Released early, he remains in pre-trial detention in connection with another child rape case unrelated to Sainte-Marie.
Typical of their modus operandi, Society leadership never went to police when they first learned of his abuse.
"We can, however, speak of non-denunciation of crime and non-assistance to people in danger," said one victim's lawyer about the SSPX's silence.
Even Aguilar's attorney, Karine Helouvry, expressed astonishment "that a school like this with more than questionable methods still exists in 2020."
The prosecutor recommended seven years in prison, the maximum sentence for his crimes.
The perpetrator offered an apology to the victims: "I did not think that what I did would have so many repercussions in the future." He could not precisely say, however, whether there were more than 13 victims.
The judge asked him directly, and he answered, "I do not think so."
"That doesn't mean no," the judge retorted.
Victim's attorney Me Stichelbaut said, "[T]hose who are here, present in this courtroom, know well there aren't only 13 victims"
A father of one victim described the boys who had grown into adults now wracked by suffering, some prey to "addictions" and "serious behavioral problems" following their sexual assaults.
"Our school lives only thanks to the generosity of our benefactors," the SSPX school website notes, featuring an image of SSPX founder Abp. Marcel Lefebvre. "You can help us continue this great work," it adds, going on to link to a donation page.
The website features multiple idyllic images of boys of varying ages attending Mass, on field trips, at the beach, playing sports and other activities, alongside priests in cassocks.
While boarding is optional for younger grades, it is compulsory for high school.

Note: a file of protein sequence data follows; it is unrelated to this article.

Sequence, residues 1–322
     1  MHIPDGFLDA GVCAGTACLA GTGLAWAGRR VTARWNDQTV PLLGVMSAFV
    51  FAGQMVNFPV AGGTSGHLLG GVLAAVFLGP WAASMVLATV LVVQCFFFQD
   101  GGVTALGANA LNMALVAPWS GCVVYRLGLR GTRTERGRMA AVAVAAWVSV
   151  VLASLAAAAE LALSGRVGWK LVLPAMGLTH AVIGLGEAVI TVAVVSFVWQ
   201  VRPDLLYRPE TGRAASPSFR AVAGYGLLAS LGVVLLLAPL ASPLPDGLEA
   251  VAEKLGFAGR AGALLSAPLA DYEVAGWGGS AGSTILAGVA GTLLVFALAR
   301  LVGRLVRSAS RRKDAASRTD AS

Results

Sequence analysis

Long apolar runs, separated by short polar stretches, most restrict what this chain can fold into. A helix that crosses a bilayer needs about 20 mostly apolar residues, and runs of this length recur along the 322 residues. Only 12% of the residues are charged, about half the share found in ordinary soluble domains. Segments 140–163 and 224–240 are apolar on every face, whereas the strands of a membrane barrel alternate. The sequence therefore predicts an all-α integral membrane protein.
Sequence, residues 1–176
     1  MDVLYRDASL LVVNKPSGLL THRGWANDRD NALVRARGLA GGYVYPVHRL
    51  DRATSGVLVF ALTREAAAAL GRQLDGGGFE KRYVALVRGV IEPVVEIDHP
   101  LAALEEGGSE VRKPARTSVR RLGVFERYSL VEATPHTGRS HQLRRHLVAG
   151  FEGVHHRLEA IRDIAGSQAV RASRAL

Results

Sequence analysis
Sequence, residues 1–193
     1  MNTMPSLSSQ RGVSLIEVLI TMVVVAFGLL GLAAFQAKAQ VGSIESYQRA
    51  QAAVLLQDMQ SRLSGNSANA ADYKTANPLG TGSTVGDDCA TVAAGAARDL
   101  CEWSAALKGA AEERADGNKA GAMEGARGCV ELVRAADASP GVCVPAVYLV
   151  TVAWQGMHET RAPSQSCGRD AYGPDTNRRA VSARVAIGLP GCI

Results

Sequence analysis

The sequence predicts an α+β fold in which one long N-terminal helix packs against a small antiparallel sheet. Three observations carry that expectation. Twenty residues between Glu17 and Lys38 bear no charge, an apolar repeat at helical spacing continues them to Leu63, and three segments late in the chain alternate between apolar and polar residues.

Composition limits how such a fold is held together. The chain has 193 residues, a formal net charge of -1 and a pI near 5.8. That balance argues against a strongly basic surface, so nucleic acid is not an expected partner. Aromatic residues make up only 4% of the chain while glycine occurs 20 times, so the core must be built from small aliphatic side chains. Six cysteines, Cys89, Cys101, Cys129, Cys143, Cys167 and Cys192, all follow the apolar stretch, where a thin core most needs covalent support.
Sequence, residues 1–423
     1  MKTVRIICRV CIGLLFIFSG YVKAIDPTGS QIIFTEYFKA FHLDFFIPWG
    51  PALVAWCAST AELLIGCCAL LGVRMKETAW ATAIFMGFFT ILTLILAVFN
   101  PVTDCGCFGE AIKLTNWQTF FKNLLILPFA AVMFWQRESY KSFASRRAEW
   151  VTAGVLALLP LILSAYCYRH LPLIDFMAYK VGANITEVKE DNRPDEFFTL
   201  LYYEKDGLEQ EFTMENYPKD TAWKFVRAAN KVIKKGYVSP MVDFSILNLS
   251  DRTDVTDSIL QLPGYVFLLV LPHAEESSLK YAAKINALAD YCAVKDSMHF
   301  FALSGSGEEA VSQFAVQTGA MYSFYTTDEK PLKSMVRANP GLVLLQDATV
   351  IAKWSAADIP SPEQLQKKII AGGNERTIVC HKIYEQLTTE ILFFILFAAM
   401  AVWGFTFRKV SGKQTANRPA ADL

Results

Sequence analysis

Current teaching staff include four priests, three religious brothers and 12 lay teachers.
"Their moral qualities are a guarantee of an authentically Christian and human atmosphere," the website notes.
As Church Militant previously reported, Sainte-Marie is the site of another SSPX scandal involving allegations against Fr. Guillaume d'Orsanne, a priest of the SSPX currently assigned to the famous Saint-Nicolas-du-Chardonnet in Paris.
D'Orsanne was accused by a former student in 2017 of child sex abuse, accusations made known to then-superior general Bp. Bernard Fellay and his assistant, Fr. Alain-Marc Nély. His local superior, Fr. Christian Bouchacourt, refused to take any action against him.
Bouchacourt is now assistant to the current SSPX superior general, Fr. Pagliarani.
Fellay left the priest at his assignment at l'École Sainte-Marie in spite of the allegation. D'Orsanne vigorously denies the allegations and has argued that the alleged victim never brought charges against him. However, Church Militant has confirmed the reason is because the statute of limitations has already passed and prevents prosecution, and that police continue to investigate D'Orsanne and are seeking out other victims.
After a brief reassignment at French district headquarters in Suresnes, just outside of Paris, d'Orsanne was moved just this summer to his post at Saint-Nicolas-du-Chardonnet, a church swarming with children. The parents of the alleged victim are reportedly outraged.